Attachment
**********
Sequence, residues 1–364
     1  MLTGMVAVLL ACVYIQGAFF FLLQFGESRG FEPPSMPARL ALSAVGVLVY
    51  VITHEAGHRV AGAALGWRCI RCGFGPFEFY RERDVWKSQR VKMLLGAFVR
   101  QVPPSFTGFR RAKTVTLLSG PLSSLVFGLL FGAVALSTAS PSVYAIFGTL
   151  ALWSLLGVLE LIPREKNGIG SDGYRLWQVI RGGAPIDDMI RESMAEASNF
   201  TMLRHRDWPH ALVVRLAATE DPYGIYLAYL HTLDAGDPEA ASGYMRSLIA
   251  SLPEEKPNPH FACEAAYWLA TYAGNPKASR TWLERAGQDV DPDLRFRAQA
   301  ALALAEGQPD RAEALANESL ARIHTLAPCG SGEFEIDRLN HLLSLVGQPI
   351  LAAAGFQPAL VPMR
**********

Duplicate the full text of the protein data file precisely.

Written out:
Sequence, residues 1–364
     1  MLTGMVAVLL ACVYIQGAFF FLLQFGESRG FEPPSMPARL ALSAVGVLVY
    51  VITHEAGHRV AGAALGWRCI RCGFGPFEFY RERDVWKSQR VKMLLGAFVR
   101  QVPPSFTGFR RAKTVTLLSG PLSSLVFGLL FGAVALSTAS PSVYAIFGTL
   151  ALWSLLGVLE LIPREKNGIG SDGYRLWQVI RGGAPIDDMI RESMAEASNF
   201  TMLRHRDWPH ALVVRLAATE DPYGIYLAYL HTLDAGDPEA ASGYMRSLIA
   251  SLPEEKPNPH FACEAAYWLA TYAGNPKASR TWLERAGQDV DPDLRFRAQA
   301  ALALAEGQPD RAEALANESL ARIHTLAPCG SGEFEIDRLN HLLSLVGQPI
   351  LAAAGFQPAL VPMR